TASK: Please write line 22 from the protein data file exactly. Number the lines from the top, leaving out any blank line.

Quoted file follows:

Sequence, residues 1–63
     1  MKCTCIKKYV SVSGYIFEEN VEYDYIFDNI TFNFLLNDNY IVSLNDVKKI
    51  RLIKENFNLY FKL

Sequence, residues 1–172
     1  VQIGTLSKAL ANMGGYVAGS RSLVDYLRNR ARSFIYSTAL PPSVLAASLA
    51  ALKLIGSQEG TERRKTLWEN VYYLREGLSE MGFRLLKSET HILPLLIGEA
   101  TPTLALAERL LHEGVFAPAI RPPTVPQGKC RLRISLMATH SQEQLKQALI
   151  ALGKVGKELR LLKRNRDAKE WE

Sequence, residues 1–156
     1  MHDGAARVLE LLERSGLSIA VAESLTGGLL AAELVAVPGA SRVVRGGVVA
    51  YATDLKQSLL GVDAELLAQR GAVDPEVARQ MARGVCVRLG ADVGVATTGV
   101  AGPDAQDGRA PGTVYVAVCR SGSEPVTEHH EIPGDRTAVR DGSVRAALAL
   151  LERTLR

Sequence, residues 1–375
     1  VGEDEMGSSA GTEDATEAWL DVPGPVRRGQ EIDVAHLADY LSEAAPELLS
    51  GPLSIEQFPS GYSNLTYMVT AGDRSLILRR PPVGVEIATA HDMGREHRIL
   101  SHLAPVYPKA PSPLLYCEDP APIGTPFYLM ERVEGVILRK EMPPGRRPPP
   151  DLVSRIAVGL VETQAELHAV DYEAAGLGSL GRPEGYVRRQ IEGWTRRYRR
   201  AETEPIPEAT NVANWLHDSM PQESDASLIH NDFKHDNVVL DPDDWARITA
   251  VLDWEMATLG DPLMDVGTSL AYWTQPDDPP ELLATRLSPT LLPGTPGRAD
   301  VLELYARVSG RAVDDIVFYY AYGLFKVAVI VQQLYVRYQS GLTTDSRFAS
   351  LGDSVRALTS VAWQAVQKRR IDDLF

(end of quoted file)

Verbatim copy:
   351  LGDSVRALTS VAWQAVQKRR IDDLF